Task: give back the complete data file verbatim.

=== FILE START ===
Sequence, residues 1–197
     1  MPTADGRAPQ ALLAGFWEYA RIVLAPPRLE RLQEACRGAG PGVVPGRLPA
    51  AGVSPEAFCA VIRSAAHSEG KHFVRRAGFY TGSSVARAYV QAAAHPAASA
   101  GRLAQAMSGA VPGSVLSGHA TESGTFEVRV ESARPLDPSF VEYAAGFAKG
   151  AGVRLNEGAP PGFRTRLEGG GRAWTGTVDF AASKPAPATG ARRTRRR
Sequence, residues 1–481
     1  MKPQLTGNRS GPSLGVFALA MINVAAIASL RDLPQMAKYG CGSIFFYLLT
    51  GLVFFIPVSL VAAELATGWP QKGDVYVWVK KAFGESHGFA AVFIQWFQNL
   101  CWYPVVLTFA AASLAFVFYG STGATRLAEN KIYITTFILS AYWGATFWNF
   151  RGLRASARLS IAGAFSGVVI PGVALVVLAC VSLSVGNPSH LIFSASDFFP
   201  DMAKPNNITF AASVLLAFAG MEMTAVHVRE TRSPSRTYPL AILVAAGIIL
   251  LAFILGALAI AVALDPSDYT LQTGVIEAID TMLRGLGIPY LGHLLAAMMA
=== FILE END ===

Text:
Sequence, residues 1–197
     1  MPTADGRAPQ ALLAGFWEYA RIVLAPPRLE RLQEACRGAG PGVVPGRLPA
    51  AGVSPEAFCA VIRSAAHSEG KHFVRRAGFY TGSSVARAYV QAAAHPAASA
   101  GRLAQAMSGA VPGSVLSGHA TESGTFEVRV ESARPLDPSF VEYAAGFAKG
   151  AGVRLNEGAP PGFRTRLEGG GRAWTGTVDF AASKPAPATG ARRTRRR
Sequence, residues 1–481
     1  MKPQLTGNRS GPSLGVFALA MINVAAIASL RDLPQMAKYG CGSIFFYLLT
    51  GLVFFIPVSL VAAELATGWP QKGDVYVWVK KAFGESHGFA AVFIQWFQNL
   101  CWYPVVLTFA AASLAFVFYG STGATRLAEN KIYITTFILS AYWGATFWNF
   151  RGLRASARLS IAGAFSGVVI PGVALVVLAC VSLSVGNPSH LIFSASDFFP
   201  DMAKPNNITF AASVLLAFAG MEMTAVHVRE TRSPSRTYPL AILVAAGIIL
   251  LAFILGALAI AVALDPSDYT LQTGVIEAID TMLRGLGIPY LGHLLAAMMA